Endless Caverns

Far reaches of Endless CavernsRecently my summer travels brought me to Shenandoah Valley in Virginia. There at the foot of the Massanutten Mountain range I found and toured Endless Caverns. One of the first questions I asked my guide concerned the reason for the caverns’ name. I learned that although five miles of passages have been mapped, much of the complex labyrinth of this underground wonder has yet to be explored. Some of those areas have been declared unsafe due to shifts in the rock tables.

Discovered in 1879 by two boys and a dog when following a rabbit, the cave was wired to provide light for visitors in 1920. Before that time, the caverns were lit by candles. At one point in our tour, when 92 feet below ground, our guide turned off the lights. I have never experienced such depth of ebony darkness. I could not see my hand in front of my face!

Here are a few of the photos I took while on our tour. Notice that the natural color of the cave has been allowed to show, unchanged by colored lights. I appreciated seeing the genuine glory of these unique natural formations. Once more I felt amazed by the beauty of one of God’s “secret” creations, deep underground.

A Narrow Passageway

A Narrow Passageway

One of Many Large Rooms

One of many Large Rooms filled with Draperies and Columns

Tear Drop shaped Stalactite Ceiling

Tear Drop shaped Stalactite Ceiling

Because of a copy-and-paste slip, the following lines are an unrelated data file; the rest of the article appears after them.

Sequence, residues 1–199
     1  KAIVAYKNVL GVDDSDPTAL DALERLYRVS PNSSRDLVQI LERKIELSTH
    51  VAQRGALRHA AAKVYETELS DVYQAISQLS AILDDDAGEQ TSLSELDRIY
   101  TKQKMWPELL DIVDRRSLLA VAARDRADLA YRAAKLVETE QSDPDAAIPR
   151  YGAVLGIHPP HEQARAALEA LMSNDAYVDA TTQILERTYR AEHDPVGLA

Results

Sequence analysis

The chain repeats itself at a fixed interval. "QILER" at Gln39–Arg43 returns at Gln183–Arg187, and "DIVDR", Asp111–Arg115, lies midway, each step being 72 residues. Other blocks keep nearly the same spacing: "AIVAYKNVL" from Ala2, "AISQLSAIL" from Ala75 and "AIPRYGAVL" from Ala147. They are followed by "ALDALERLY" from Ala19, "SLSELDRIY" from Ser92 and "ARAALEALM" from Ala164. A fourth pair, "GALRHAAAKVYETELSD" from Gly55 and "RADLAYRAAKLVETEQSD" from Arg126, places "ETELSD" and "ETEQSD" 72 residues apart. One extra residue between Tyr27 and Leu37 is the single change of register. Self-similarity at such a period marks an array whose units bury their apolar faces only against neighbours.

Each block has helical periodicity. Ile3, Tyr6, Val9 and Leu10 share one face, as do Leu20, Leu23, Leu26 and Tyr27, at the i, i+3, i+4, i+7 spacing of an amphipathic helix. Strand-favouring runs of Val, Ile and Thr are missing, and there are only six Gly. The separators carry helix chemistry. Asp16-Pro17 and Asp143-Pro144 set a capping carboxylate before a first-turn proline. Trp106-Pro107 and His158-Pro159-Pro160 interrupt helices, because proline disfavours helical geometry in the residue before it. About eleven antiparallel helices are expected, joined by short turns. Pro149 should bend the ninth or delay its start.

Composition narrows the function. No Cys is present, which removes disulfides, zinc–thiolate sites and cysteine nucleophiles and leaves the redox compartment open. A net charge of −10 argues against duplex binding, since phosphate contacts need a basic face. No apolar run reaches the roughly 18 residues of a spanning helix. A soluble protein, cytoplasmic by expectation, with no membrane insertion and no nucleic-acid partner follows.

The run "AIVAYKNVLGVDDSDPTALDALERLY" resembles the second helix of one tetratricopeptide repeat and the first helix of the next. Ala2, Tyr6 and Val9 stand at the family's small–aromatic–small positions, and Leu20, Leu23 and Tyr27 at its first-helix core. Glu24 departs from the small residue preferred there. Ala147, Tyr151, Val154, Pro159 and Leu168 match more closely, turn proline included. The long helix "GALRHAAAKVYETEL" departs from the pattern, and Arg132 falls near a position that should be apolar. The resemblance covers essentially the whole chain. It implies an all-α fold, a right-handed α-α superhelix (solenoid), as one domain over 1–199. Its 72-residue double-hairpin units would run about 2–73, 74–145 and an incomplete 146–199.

This is one of my favorite formations.

EC waterfall

Waterfall Formation with Calcite Flowstone

An Example of Color Variations Caused by Mineral Deposits

An Example of Color Variations Caused by Mineral Deposits

A Shield Formation

A Shield Formation

A Variety of Formations

A Variety of Formations

Curtains

Curtains

There are several caverns in the Shenandoah Valley that are open for public viewing. Several years ago, I visited and enjoyed Luray Caverns. Every cavern experience is unique. In each one the beauty of water dripping through limestone rocks along with mineral staining creates wondrous formations, each a distinctive creation. Viewing them is an experience that should not be missed.

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3 thoughts on “Endless Caverns

  1. these are amazing shots – and i love “God’s “secret” creations” – makes me wonder how many amazing things we’ve yet to discover….

    • Thanks, Joaquin. I’m eagerly looking forward to purchasing a macro lens so that I can appreciate all of the tiny details in flowers and insects that my eyes miss. While in the caverns I got a look at the bats that live there. They were surprisingly small. Just imagine navigating by echolocation–pretty awesome.

  2. So glad you gave me the excuse to see this natural wonder. It’s an experience I will not soon forget! I still can’t believe how wonderfully cool it was in the caverns.

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